By Bill Gates, Microsoft Corporation, Forbes ASAP October 4, 1999 Everyone, Anytime, Anywhere
The next step for technology is universal access.
By Bill Gates
October 4, 1999
Amazingly, it's been more than 20 years since the concept of "convergence" entered the high tech lexicon.
For most of that time, convergence has meant two things: the coming together of the computer, consumer electronics, and telecommunications industries and the merging of gadgets such as the PC, TV, and telephone.
But as the 21st century approaches, sophisticated digital technologies and the promise of exploding bandwidth are combining to create a third kind of convergence—one that will change our lives more dramatically than anything we've seen so far. It will deliver the power of the information age into the hands of everyone, anytime, anywhere.
We live in an age where voice, data, and video are just bits, ones and zeros to be pushed down the broadest pipe or around the most accommodating slice of spectrum. Bits are agnostic. They don't care how they get where they're going—only that they arrive in the right order and at the right moment. The ubiquity of bits is already empowering the kind of hybridization that most people have envisioned for consumer electronics these past two decades—multifunctional devices such as modern PCs, WebTV, cable modems, and smart phones.
But this is only the start. Combine digital technology with advanced software, smaller and more powerful microprocessors, and exponential growth in fiber and wireless bandwidth, and you get something far more useful—seamless, universal connectivity. This turns convergence on its head. It means that although computer, telecommunications, and consumer electronics technologies will come together, the next generation of smart devices mostly won't.
Universal connectivity will bring together all the information and services you need and make them available to you regardless of where you are, what you are doing, or the kind of device you are using. Call it "virtual" convergence—everything you want is in one place, but that place is wherever you want it to be, not just at home or in the office.
The result is that there'll be a proliferation of smart, connected devices, from palm-sized and tablet PCs to Web-enabled phones and AutoPCs. Your files, schedule, address book, and everything else you need will automatically be replicated onto each of these devices, because everything that can think will link.
Virtual convergence will take the power on your desktop and make it available wherever you want it. But to help avoid information overload, it will do this intelligently. If you're watching a game in the ballpark on a Saturday afternoon, the network will know that player profiles or an online form to order a hot dog are what you need on your palm-sized computer—not your tax return or tomorrow's travel itinerary.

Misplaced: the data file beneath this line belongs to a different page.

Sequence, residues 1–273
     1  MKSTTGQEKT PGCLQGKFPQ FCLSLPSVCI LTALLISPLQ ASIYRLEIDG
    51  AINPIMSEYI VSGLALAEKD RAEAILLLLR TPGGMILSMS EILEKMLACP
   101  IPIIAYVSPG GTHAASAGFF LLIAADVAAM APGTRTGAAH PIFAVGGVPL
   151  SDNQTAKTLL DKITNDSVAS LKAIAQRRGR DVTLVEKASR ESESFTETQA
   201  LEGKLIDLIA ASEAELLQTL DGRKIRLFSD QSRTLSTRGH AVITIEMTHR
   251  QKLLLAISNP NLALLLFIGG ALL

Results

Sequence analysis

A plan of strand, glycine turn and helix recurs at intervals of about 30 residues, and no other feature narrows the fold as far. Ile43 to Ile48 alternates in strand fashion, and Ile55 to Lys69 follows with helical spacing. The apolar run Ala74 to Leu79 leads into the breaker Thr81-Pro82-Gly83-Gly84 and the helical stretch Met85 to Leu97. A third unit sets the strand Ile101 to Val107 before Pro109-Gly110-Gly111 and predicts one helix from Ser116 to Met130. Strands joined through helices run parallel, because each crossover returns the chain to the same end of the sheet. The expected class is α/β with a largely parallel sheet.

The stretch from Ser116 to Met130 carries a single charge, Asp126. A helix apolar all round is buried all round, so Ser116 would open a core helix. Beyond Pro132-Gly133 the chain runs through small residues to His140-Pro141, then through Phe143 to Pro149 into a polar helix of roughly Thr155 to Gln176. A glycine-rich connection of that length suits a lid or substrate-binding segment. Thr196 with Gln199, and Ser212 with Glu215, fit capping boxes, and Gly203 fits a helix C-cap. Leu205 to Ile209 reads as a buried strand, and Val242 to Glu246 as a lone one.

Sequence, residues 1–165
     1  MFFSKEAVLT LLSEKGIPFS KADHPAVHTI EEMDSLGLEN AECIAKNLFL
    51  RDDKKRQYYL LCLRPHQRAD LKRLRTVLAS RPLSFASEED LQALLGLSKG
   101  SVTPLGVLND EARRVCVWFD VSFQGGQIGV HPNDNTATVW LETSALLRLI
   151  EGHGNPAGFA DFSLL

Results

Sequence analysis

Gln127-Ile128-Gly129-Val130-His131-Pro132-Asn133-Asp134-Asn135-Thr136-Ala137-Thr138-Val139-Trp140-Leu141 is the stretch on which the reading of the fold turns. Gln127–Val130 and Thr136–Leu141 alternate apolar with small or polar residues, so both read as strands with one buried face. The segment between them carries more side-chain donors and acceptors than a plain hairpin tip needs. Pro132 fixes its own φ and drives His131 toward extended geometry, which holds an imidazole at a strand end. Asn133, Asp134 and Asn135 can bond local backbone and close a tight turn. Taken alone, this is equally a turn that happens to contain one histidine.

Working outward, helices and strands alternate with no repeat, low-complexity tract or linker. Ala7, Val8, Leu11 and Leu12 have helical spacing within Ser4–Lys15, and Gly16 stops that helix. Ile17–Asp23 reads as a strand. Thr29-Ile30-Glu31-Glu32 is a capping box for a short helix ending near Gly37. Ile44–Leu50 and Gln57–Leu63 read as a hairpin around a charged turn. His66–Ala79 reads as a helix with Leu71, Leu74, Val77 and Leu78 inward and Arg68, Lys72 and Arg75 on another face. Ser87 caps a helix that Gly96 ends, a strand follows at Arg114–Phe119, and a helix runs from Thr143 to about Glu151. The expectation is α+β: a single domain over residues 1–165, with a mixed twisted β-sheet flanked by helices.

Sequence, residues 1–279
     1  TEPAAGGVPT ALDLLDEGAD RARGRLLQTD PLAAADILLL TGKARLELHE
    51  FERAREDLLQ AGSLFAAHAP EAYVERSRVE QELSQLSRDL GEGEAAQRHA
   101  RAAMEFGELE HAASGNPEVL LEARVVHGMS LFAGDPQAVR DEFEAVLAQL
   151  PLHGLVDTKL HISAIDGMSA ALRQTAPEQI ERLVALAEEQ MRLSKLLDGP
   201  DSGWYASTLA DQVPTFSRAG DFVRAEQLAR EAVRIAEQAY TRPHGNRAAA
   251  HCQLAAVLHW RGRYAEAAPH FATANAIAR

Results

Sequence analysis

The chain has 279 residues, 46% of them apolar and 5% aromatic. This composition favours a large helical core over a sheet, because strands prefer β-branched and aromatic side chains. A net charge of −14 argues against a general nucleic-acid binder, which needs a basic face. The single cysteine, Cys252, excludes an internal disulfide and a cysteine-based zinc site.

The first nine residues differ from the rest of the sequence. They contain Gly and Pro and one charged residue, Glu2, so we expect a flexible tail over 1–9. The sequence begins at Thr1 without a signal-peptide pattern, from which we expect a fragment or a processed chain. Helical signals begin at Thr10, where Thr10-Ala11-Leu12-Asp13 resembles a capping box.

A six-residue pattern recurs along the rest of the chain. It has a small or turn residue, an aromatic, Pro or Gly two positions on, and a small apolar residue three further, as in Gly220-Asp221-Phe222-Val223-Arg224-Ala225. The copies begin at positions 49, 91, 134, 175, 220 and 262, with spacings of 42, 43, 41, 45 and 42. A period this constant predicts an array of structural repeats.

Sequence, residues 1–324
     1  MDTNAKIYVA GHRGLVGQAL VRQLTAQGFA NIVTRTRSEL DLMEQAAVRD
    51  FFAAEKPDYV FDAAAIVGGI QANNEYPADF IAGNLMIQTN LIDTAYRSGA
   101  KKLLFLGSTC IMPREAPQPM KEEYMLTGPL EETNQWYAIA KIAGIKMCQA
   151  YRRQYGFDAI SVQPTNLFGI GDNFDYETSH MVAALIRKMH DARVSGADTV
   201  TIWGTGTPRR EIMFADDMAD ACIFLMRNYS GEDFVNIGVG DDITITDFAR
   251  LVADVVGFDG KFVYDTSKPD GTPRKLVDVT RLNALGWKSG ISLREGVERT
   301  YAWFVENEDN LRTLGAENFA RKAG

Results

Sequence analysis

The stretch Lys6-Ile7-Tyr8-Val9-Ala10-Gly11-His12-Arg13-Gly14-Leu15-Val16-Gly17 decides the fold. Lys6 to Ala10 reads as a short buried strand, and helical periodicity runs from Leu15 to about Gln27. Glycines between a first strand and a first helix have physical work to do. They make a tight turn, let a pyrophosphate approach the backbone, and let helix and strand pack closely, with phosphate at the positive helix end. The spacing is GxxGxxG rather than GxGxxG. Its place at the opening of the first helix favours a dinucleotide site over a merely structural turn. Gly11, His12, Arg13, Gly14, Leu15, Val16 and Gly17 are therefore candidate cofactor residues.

A lot still needs to be done to make this a reality. First, in the same way that people must speak the same language if they are to understand each other and collaborate, smart devices also need to speak a common language to communicate effectively. The best way to achieve this is by using existing open Internet standards. The industry is starting down that route, but there's still a long way to go. Second, a massive amount of investment is still required if high-speed, broadband communications are to be widely available throughout the United States.
To make all this happen, we'll see more deals, alliances, and joint ventures involving computing, consumer electronics, telecommunications, Internet, and cable companies. And chances are that as everyone faces the challenge of developing a viable business model, some of those ventures will fail in the marketplace. But two things are certain: Ubiquitous wireless and high-bandwidth data networks are going to get built, and the various smart devices required to provide access to these networks will soon be on the market. Together, they will make the potential of virtual convergence a reality.
Bill Gates is the CEO and chairman of Microsoft. In 1975 he dropped out of Harvard to write software for a kit computer, the Altair 8800. That same year, he founded Microsoft, now a $430 billion market cap company.
© Copyright 1999, Forbes ASAP. Reprinted with permission.